Every year, over 2.5 million people die in the United States. Out of these, 169,936 are unintentional deaths. The astonishingly excessive numbers in no way indicate that the wrongful death of a loved one is in any way easy to grasp. The mourning never ends, the grieving never ends, and the ever-lasting echoes of “what ifs?” never end. The death of any loved one is enough to bring your entire world crashing down. It’s difficult to move on, but not impossible.
Perhaps we can help you with that.
The Seven Stages
Just like Shakespeare’s seven ages of man, there are seven stages to grief: and you must let all the stages come to you naturally.
- The first stage is shock; you’re too trumped to think clearly.
- The second stage is denial where you can’t and won’t accept your loved one is truly gone.
- The third stage is guilt wherein you feel in some way responsible for the death.
- The fourth stage is anger; you’ll try to find someone to blame for the death of your loved one. You may even blame yourself—for not being there.
- Then depression and reflection set in as the fifth stage, where you begin reanalyzing the events of their death.
- The sixth stage, similarly, is more stable, with you going over the details and working out what exactly happened, and if it could’ve been prevented in any way. Acceptance is the final stage—and it’s the most difficult.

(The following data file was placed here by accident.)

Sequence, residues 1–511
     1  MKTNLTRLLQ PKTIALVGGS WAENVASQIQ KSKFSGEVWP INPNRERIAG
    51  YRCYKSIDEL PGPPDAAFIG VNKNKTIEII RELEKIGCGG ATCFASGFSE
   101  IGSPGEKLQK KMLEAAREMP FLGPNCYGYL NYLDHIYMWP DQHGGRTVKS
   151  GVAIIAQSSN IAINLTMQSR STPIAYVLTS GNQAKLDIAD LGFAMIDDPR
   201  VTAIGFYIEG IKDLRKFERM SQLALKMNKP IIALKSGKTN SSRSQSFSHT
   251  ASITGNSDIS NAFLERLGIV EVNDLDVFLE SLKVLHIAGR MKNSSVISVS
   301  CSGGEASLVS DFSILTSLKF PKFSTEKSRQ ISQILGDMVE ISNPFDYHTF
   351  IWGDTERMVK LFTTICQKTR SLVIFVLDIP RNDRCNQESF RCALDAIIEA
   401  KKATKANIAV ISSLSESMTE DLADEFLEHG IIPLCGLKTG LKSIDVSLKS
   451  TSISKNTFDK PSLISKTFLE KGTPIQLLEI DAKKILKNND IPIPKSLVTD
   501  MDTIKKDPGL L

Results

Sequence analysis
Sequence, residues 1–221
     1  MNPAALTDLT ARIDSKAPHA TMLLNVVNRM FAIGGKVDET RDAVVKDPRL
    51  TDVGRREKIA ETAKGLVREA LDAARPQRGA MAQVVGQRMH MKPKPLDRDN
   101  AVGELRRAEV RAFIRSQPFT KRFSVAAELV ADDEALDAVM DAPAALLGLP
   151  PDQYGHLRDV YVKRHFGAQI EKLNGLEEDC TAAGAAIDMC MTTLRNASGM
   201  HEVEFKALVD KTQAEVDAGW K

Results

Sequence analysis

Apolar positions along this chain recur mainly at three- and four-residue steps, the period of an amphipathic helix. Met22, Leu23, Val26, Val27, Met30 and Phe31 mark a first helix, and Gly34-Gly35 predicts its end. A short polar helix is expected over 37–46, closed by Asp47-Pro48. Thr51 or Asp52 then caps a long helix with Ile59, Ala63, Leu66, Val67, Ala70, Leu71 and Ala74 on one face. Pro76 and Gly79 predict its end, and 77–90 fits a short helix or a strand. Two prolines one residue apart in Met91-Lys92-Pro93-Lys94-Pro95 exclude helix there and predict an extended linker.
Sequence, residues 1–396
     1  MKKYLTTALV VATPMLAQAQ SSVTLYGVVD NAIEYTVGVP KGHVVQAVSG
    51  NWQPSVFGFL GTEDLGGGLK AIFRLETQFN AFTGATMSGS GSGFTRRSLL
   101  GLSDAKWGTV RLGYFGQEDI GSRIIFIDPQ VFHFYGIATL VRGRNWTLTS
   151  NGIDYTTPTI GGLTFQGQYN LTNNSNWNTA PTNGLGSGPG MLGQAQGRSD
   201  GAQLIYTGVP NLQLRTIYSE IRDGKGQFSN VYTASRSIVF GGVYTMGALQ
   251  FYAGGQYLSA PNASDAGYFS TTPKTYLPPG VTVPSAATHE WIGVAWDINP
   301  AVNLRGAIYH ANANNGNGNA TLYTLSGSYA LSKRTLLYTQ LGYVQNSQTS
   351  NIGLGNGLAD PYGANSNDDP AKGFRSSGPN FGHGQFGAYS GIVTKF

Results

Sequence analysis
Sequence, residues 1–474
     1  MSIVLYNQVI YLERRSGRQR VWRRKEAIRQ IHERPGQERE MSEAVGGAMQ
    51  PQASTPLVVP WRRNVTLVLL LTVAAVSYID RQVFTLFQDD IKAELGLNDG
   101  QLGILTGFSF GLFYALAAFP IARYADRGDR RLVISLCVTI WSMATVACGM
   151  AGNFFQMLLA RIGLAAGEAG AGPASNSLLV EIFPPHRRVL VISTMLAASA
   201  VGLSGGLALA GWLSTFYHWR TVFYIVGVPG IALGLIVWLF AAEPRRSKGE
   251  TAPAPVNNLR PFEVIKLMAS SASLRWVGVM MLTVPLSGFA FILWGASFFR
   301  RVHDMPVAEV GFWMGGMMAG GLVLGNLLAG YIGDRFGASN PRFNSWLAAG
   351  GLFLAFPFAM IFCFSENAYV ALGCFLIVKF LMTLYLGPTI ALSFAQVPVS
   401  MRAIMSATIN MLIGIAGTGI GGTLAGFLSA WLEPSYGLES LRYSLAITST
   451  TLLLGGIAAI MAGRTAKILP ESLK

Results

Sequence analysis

Grieving Over a Wrongful Death
Of course, the seven stages become far more convoluted when you’re experiencing the wrongful, untimely death of a loved one. You have all this anger pent up, and you know exactly who to blame.
It’s important to note here that you should not let your feelings get the best of you—although we understand how difficult exactly that must be in this case. The temptation of walking up to the person responsible for it all and beating them black and blue might seem like an appealing idea—but don’t do it.
Instead, go about it the legal way. Seek representation from a lawyer who has experience with wrongful death lawsuits. You can hurt this person in more ways than you think—but violence on your part is not the answer. An eye for an eye will make the world blind. Besides, a good lawyer will ensure that they’re taken duly to task and that an example is set for all future episodes of a similar nature.
Remember the Good Times
We know it’s hard. There’s nothing quite like losing a loved one, no pain that could equal this horror. And this too shouldn’t pass—not until your attorney helps you and your dear departed one get justice. Keep remembering the good times, the happy times you spent with them—it will help you with the coping and it will give you strength.